I remember I began reading Cavafy when I was quite young – when all the juices which sprang from his poetry were within me as well. I read him in translation, of course, and, first, in imperfect readings; then as the equivalencies improved, in better versions of the original. In whatever readings, I found his poetry so vivid, so personal, so beautiful, so powerful that I was aware of being in the presence of a great poet, one whose concerns echoed mine and whose mastery was thrilling.
Most of the poems are enhanced with photographs of nude handsome young men where they play with the theme of desire and memory. Homoeroticism, intrigue, humour, hedonism and despair are everywhere in the book. However, among Yeros’s models are prominent members of the artistic community such as Jeff Koons, Gabriel Garcia Marquez, Gore Vidal, Tom Wesselmann and Clive Barker, Olympia Dukakis, Carlos Fuentes and Naquib Mahfuz. These notable names come from Yeros’s idea to use “people from the world of letters and the arts…who knew and admired Cavafy’s poetry”.
The translated poems are each set at the centre of a huge white page and accompanied by full page illustrations. David Connolly has made worthy efforts to translate in a way that is both distinctive and artistic. Cavafy’s use of the Greek language was rather bizarre and he has a reputation of being difficult to translate.
Inside the book there are many fine combinations of poems and photos. On page 60 is “The souls of old men” –
In their aged, wasted bodies dwell the souls of old men.
How pitiful the poor things are and how weary of the wretched life they lead.
How they tremble lest they lose it and how they cherish it
These confounded and contradictory souls – so tragicomical – that dwell
In their aged, ravaged hides.
The poem is accompanied by a characteristic photo of five old men at Pamfila (Lesbos Island) full of wrinkles, staring compassionately into the lens.
In another example (p. 118), “Supplication” describes the prayer of a sailor’s mother to the Virgin Mary for the safe return of her son. However,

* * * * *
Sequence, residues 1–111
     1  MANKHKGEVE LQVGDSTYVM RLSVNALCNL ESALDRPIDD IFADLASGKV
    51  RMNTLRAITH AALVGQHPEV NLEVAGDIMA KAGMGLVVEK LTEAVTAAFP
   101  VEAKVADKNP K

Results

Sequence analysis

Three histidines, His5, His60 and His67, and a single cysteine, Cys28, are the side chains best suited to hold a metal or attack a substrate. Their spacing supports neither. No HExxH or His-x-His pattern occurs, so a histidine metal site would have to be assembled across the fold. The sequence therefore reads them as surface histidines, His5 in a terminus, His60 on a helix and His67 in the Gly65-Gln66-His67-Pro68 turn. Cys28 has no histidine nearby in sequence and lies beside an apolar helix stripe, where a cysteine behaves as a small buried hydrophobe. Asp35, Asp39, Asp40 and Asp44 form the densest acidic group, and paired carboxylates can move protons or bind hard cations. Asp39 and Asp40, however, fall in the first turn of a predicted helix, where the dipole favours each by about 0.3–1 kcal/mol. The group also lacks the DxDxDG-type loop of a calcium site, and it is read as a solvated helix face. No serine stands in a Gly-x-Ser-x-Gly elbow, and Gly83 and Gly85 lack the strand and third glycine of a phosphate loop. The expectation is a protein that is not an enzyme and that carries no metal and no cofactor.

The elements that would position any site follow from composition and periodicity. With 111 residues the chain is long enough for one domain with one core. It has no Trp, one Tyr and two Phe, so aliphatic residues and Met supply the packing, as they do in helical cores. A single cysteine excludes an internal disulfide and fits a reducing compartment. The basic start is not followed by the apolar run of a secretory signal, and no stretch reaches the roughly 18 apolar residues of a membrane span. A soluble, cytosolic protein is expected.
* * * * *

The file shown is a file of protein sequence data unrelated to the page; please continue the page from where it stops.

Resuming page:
The sea took a sailor to its depths. —
Unaware, his mother goes and lights a long candle to the Holy Virgin
for his swift return and for fair weather – and always she has her ear
to the wind. But while she prays and supplicates, the icon listens grave and
sorrowful, knowing the son she awaits is not coming back.
To accompany the poem, Yeros has chosen the Oscar-winning actress Olympa Dukakis in typical Mediterranean costume, complete with black kerchief, holding a long candle while her face wears a sorrowful expression.
One of my favourite poems is “Che Fece…Il Gran Rifiuto” (“for some people there comes a day when they are obliged to say either Yes or No”).
For some people there comes a day
when they are obliged to say either Yes or No.
It is immediately clear who has the Yes ready within, and saying it goes
far beyond to honour and conviction.
Refusing, the other has no regrets. If asked again,
he would still say no. And yet he is beset by that no – the right one – throughout his life.
Cavafy has borrowed the phrase from Dante’s Divine Comedy. The precise phrase is “Colui Che fece per viltate il gran rifiuto” (“the refusal to life that is worthy of eternal damnation” – an allusion to Celestine who became Pope in 1294 and abdicated five months later, saying “the great No”). Dante sees this as an act of cowardice, but Cavafy sees it as honourable. Yeros has chosen an enigmatic illustration of the late Gore Vidal, one of the “Popes” of American literature, as accompaniment.
Cavafy himself divided his poetry into three thematic areas: historical, philosophical and sensual, with the hedonistic as a sub-category of the sensual. Although the sensual theme is dominant in Yeros’s book, the reader will find much value in the other two areas of Cavafy’s poetry, the historical and the philosophical. Perhaps we should consider this book as a first step into Cavafy’s mythical world. As he wrote in “First Step” in 1910:
Even though you stand on the first step, you still ought to be proud and happy. To have come so far is no small matter; to have done so much is great glory.
DEMETRIS DEMOPOULOS writes from Athens